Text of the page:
Fayetteville’s first ever party bikes have arrived in town.
Two of the bars-on-wheels, otherwise known as a Pedal Pubs, were delivered to The Dickson parking deck on Monday, and will soon be in operation.
The City Council earlier this year approved a certificate of public convenience and necessity to allow the business to begin operating in the city.
Amber Sinclair, the local Pedal Pub franchisee, told the council she plans to begin with two carriages, but the council approved a certificate to allow up to 10 carriages if needed.
A pedal carriage is a non-motorized bicycle-type vehicle with four or more wheels that’s used to transport passengers. The passengers typically provide the power needed to move the vehicle by pedaling, but an electric-assisted motor is sometimes used to help generate speed, especially in hilly areas.
The local law states that pedal carriages must be operated by a driver at least 21 years of age who is an employee of a company that has obtained a Certificate of Public Convenience and Necessity and a Pedal Carriage Drivers Permit from the police department. The ordinance also requires the permit holder to carry at least $1 million in general liability insurance for bodily injury and property damage. The rules also include numerous safety parameters, including required enhanced braking systems.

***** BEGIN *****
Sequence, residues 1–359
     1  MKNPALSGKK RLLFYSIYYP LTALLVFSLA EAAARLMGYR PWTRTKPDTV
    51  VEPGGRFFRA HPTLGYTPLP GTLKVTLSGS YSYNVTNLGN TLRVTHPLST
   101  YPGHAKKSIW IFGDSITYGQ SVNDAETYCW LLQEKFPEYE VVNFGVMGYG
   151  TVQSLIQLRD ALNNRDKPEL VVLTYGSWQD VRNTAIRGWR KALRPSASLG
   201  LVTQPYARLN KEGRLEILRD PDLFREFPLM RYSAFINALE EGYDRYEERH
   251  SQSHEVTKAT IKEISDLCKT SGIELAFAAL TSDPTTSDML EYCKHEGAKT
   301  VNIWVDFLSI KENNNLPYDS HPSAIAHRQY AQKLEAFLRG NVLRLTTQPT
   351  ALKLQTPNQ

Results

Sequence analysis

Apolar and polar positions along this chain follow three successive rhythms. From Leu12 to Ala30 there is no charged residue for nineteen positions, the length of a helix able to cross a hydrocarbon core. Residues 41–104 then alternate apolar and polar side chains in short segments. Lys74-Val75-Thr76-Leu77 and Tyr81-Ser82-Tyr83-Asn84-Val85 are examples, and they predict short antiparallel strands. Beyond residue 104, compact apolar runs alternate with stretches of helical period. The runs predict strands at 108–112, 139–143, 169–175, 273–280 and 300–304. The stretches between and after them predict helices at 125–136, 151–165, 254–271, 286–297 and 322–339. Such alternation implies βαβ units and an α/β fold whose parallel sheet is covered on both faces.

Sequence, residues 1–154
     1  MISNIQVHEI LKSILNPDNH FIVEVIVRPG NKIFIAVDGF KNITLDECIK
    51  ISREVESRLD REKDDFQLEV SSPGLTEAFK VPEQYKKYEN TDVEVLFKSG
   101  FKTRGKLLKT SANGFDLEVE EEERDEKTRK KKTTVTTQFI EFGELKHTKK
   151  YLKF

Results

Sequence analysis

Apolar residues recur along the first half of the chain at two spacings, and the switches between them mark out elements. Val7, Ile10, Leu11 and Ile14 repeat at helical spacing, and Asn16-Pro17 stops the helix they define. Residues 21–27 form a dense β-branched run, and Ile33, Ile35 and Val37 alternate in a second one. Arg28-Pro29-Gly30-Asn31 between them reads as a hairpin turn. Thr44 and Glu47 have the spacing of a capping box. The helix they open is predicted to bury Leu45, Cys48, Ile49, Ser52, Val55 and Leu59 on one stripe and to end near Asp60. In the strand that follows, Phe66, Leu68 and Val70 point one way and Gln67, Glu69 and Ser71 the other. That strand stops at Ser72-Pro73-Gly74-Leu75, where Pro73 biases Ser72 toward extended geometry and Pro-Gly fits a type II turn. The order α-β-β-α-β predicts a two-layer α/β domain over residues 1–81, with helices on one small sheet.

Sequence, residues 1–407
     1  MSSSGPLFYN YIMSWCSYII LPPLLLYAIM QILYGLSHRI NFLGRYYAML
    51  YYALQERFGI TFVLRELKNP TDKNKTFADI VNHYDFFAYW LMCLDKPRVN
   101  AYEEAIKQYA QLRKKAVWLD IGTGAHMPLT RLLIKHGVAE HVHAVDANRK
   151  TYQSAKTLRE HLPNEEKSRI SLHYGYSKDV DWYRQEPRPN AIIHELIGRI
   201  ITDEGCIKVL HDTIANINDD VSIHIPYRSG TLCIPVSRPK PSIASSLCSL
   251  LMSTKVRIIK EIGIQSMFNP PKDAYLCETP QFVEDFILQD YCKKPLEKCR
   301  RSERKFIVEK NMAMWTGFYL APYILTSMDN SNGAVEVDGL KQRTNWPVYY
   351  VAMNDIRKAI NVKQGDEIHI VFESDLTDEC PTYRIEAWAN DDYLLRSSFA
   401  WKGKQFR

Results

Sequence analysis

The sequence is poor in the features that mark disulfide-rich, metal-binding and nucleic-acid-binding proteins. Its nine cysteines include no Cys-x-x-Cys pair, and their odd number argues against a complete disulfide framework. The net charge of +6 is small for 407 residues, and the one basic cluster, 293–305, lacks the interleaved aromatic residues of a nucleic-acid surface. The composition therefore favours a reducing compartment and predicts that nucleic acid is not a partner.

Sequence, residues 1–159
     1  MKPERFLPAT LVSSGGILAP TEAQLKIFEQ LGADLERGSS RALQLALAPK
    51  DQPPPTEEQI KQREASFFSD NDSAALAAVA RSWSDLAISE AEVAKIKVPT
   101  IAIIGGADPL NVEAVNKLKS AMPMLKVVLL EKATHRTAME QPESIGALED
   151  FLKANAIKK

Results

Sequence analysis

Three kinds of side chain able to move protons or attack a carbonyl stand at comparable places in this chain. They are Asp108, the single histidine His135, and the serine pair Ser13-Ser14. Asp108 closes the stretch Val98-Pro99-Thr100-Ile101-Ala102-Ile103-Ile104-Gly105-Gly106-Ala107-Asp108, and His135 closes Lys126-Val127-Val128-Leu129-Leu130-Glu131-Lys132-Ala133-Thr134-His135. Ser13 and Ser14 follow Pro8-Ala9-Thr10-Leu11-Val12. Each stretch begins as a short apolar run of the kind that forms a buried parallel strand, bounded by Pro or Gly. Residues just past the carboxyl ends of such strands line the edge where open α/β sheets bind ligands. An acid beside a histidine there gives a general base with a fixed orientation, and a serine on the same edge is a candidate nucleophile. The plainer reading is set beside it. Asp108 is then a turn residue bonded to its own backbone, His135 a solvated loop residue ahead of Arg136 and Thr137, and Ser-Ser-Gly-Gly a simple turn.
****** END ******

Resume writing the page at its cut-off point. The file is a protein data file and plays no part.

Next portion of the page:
Because of their size, pedal carriages are not be allowed on sidewalks, trails or any closed streets.
The area of allowed operation extends north from Martin Luther King Jr. Boulevard to North Street, and is bounded roughly from Mission Boulevard and College Avenue to the edges of the University of Arkansas campus. Two additional routes are also included to allow pedal carriage operators to access other areas of interest outside the downtown zone.
Sinclair said if all goes well, the pubs will be out on the roads for a soft launch next week, with an official opening date of June 25.
Pedal carriage operation area
Source: City of Fayetteville